This word comes with such a loaded connotation of a certain standard that is easily attained.  It is just as loaded with the connotation that anything not meeting that standard is abnormal, and no-one wants to be abnormal because it implies they don’t “fit in” and soon as they don’t fit in, they are destined to live a lonely existence.

We need to be careful about chasing a “normal” life to be happy.  Although the dictionaries have fairly consistent definitions for the word, people don’t.  “Normal” differs from culture to culture, home to home, and person to person and it is common to think our way of doing things is the normal way.  This creates a great deal of conflict in the workplace where we have little control over the people we interact with; but it also plays a role within friendships and families.

As relationships evolve and new milestones are met, we share more of ourselves and learn about ourselves in new situations.  Always assuming what we do is perfectly normal.  When this normality is challenged, it can throw quite a bit of the relationship off-kilter.  Often times we can reconcile the differences and find bring the other person(s) over to our side of normal and sometimes we create a whole new version of normal – without giving it another thought.

Sometimes though, it is more difficult to reconcile these differences of normality and here counselling can be a great help.

Friday, 30 March 2018

Listening for Purpose

As mentioned in a previous article on “listening”, doing it properly is no easy feat.  It requires   If we are in “the zone” of actively listening to a friend or family member having a difficult time, chances are they will feel better, even if it is only momentarily, but the listener is often left in a flurry, or a heap.
undivided attention, not only to the words but the tone of voice, body language and facial expressions.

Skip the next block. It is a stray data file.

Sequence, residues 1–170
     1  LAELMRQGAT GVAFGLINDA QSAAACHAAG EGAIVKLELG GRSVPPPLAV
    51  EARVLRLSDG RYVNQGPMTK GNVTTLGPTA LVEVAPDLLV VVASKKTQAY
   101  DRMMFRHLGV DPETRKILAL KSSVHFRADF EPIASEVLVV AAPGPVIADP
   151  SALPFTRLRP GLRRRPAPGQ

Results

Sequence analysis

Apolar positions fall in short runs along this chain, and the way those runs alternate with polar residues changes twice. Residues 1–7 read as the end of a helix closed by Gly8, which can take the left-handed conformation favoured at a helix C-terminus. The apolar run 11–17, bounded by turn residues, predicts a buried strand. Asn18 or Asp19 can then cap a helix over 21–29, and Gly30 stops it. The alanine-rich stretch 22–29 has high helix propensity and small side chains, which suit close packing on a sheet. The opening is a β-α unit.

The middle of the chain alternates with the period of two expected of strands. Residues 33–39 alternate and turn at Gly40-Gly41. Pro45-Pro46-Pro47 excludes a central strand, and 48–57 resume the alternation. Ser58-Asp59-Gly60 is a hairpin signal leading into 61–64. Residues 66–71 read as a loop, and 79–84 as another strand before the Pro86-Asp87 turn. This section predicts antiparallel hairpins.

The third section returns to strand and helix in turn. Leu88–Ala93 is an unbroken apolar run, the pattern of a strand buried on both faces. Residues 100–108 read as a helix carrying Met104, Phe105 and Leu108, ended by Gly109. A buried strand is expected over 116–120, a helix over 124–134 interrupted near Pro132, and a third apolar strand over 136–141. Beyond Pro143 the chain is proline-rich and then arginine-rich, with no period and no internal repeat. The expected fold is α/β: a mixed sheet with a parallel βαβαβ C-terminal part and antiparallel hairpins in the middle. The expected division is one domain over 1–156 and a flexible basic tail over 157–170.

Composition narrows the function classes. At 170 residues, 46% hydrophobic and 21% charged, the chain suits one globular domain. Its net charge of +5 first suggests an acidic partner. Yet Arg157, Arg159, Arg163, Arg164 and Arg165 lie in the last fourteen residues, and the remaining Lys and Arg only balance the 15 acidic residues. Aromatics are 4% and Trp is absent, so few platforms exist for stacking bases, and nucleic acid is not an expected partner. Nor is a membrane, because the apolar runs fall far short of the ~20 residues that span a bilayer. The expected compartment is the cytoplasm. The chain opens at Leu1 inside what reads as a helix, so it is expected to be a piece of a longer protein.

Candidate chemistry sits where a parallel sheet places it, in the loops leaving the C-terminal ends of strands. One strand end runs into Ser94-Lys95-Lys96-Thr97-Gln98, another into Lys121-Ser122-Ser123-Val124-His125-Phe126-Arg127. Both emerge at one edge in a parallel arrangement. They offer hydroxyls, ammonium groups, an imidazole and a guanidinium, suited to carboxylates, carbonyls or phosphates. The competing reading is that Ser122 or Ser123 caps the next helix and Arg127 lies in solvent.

The bad news is, “the zone” was probably just a little to the left.

As listeners, we tend to get caught up in offering solutions or trying to make the speaker feel better.    Often times, the friend or family member in a difficult time, needs to vent; neither solutions nor a pep talk may be sought, yet that is exactly what we aim to do.

While this is noble, the listener may feel taken advantage of – especially if the solutions offered require time and energy from the listener beyond the conversation.  When we are actively put in a listener role, we have the responsibility – both to ourselves and the speaker – to determine what our purpose is.  This can be done through a direct question, or by careful listening for cues. 

It is important to identify our roles in each conversation to ensure we do not feel taken advantage of and the listener feels supported in the way that is most needed at that time.

Thursday, 22 February 2018

Back to Work Blues

“I need a holiday!”

This phrase is coming up quite a bit lately, and it’s coming from people who have spent a little over a month back at work.  It comes with much eye-rolling from spouses and colleagues and is assumed to be said tongue-in-cheek.  Except it’s not.

While most feel a twinge, or something stronger, of something when going back to work after a break, it should lift at some point.  Barring those going into a new position, department or company; or dealing with a colleague who is not returning, those “back to work blues” should be replaced by a comfortable routine.  If this is not the case, some investigation is required.

After ticking the boxes of all the must haves such as sleep and food, it is time to consider whether those blue feelings are only associated with work, or if it is a general theme.  A general, pervasive down feeling is indicative of poor, or a decline, in mental health (mental health is the more technical term for our feelings and coping strategies).  Often one event, such as going back to work, acts as a trigger toward feeling down and we tend to associate the feeling with the trigger, despite the fact that the feeling has migrated into other areas of life.